How a faulty clutch led to the start of Lamborghini

Lamborghini’s fist slam.

By Richard Crouse Wheels.ca

Dec 2, 2022 4 min. read

Article was updated a year ago

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Advertising guru Terry O'Reilly said one of the most famous car brands in history resulted from an entrepreneurial “fist slam.” O’Reilly, the host of the CBC podcast “Under the Influence,” coined the term to describe the moment when a person slams their fist on a desk and says, “There's got to be a better way.”

“That entrepreneurial fist slam is responsible for so many great companies,” said O’Reilly, “and I think Ferruccio Lamborghini had that fist slam moment.”

Years before Lamborghini’s fist slam, the industrialist and businessman, found he had a knack for tinkering with the machines and vehicles on his parent’s grape farm in Cento, Italy. “He just had a natural ability to fix things and was a gifted mechanic,” said O’Reilly.

With the advent of the Second World War, Lamborghini’s talents saw him drafted by the Italian Royal Airforce, assigned to the Fiftieth Mixed Maneuver Motor Fleet, and stationed in Rhodes, Greece. In 1946, prompted by an Italian economic recovery incentive program, he returned to the village of Cento, where he opened a mechanics shop and identified a new business based on the needs of local farmers, who couldn’t afford tractors to cultivate the land.


“After the war he saw an opportunity to salvage army surplus machinery left behind by the war,” said O’Reilly. “I'm sure there were abandoned tanks and military vehicles. He decided to take all that equipment and see if he could do something with it.”

“Like most successful people, he was driven and I suspect that he was in part, or in all, a genius,” said Bobby Moresco, an Oscar winning writer and the director of the recently released film “Lamborghini: The Man Behind the Legend.”

“He was able to see things that most people can’t see. That makes him a visionary.”

With his family’s farm as collateral, Lamborghini bought 1,000 engines and began building affordable tractors for the local market. In 1948, on the first day of sales, he sold eleven tractors.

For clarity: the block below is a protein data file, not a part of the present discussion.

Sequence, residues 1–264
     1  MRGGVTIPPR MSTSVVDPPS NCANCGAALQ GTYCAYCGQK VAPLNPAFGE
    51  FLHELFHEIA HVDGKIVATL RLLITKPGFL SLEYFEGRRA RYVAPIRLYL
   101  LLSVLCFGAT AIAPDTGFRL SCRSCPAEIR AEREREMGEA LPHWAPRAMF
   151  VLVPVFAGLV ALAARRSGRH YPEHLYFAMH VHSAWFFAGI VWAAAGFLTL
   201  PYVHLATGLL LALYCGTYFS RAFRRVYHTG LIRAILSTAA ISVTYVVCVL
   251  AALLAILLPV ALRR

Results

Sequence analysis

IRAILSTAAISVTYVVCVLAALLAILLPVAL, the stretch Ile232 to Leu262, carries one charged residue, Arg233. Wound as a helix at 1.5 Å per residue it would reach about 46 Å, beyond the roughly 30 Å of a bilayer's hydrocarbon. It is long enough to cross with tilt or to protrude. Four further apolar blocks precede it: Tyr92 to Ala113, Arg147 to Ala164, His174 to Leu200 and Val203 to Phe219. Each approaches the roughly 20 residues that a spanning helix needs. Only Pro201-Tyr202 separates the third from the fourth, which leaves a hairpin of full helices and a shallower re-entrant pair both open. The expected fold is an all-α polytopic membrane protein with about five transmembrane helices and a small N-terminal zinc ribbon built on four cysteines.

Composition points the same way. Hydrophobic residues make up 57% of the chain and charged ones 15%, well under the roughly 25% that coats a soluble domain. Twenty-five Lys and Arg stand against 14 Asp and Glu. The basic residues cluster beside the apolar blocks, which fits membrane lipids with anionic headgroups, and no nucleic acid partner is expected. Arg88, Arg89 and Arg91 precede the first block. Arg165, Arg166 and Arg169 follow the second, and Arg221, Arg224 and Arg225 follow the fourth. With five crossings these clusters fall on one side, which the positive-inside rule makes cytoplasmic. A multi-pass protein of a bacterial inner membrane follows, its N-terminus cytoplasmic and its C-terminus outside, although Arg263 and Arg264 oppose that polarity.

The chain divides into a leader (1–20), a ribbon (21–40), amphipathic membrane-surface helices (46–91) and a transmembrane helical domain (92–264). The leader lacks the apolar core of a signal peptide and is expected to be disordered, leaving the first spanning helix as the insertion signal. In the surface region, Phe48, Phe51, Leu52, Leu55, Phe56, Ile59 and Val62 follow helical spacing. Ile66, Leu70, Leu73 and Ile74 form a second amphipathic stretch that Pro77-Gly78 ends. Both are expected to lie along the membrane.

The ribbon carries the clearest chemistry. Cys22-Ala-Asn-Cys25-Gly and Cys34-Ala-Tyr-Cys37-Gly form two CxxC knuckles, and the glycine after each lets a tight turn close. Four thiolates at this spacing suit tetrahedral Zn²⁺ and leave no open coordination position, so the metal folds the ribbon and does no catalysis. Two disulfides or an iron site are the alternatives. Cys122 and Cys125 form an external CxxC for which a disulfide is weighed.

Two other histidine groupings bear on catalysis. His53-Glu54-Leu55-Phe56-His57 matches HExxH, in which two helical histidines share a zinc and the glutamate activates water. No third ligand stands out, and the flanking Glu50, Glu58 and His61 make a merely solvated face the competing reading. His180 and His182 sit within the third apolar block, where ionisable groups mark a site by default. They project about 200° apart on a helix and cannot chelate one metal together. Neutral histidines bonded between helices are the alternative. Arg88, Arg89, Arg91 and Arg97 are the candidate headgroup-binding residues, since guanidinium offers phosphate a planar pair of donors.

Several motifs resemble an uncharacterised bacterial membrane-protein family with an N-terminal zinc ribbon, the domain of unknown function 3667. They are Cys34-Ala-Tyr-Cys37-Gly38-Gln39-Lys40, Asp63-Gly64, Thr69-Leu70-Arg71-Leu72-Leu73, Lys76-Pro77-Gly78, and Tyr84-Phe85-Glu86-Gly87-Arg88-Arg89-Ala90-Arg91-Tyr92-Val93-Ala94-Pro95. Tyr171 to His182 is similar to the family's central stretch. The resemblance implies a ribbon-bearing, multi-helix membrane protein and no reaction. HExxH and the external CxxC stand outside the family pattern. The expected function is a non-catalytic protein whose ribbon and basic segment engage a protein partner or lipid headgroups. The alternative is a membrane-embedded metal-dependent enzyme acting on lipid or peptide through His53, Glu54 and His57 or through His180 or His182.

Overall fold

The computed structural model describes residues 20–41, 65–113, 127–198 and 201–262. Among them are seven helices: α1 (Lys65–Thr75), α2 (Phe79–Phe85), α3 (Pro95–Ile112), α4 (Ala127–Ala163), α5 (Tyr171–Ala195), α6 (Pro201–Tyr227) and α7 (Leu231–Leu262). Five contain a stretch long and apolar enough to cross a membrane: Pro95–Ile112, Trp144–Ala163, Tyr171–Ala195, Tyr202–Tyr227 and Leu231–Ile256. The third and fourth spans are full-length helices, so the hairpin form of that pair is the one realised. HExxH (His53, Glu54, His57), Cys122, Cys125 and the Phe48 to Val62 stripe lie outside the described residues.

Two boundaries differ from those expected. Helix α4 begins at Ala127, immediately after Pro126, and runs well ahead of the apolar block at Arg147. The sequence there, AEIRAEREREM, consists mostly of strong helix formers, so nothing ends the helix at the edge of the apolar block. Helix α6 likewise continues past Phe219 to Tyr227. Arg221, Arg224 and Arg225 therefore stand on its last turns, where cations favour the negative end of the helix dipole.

“He started very simply, very humbly,” said O’Reilly. “The tractors became so popular that he ended up opening a plant. That success and the wealth that brought him, allowed him to branch out into other things and with all that wealth, he started collecting fast luxury cars. So that's where he dipped his toe in the luxury car market.”


Over the years, as his wealth increased, so did his car collection. In 1958 he purchased the car that would change the course of his life, a two-seat Ferrari 250 GT coupé with a body designed by coachbuilder Pininfarina.

Over time he would purchase several more Ferraris, including two 250GT Berlinettas and a four-seater 250GT 2 + 2. They all had one thing in common, a faulty clutch.

“So, one day when the clutch malfunctioned yet again,” said O’Reilly, “he had his one of his tractor mechanics take a look at it, and they discovered that the actual clutch component was exactly the same component that they used in their tractors.

“And why that drove Lamborghini particularly nuts was because he was appalled they were using a tractor component in a luxury supercar. I think Ferrari was buying the clutch components for his tractors for 10 lira and Ferrari was charging like 1000 lira for the same part.”

Lamborghini confronted Enzo Ferrari, founder of the of the Ferrari automobile marque, about the faulty clutch, with disastrous results.

“Lamborghini is waving the part in Ferrari’s face saying, ‘How could you put such a cheap part in in a supercar?’ And Ferrari just blows him off. He says, ‘It's not the cars, it’s the driver. Go back to your tractors.’ Very insulting,” said O’Reilly.

“I think being the son of a farmer and moving into the world of industry brought with it its own insecurities for a young man who just returned from the war,” said Moresco. “ I think, in the meeting, and no one really knows what happened between Lamborghini and Ferrari, I suspect that whatever Ferrari said, he touched on those insecurities that kicked off Lamborghini’s need to overcome them.”

That meeting was Lamborghini’s fist slam, what O’Reilly calls the “metaphorical slap in the face that started Lamborghini saying, ‘I can build a better car.’”

The reverberations of the fist slam were heard round the world. Automobili Lamborghini S.p.A was officially incorporated in 1963, and their first car, a 350 GT, sold its first models the following year. The company, now owned by the Volkswagen Group through its subsidiary Audi, developed into a worldwide brand synonymous with luxury.

Years later Lamborghini saw Ferrari at a restaurant. The creator of the Miura, the Espada and the Countach tried to say hello, but Ferrari turned away, pretending to talk to the person next to him. “He ignored me,” said Lamborghini. “He was a great man, I admit, but it was so very easy to upset him."




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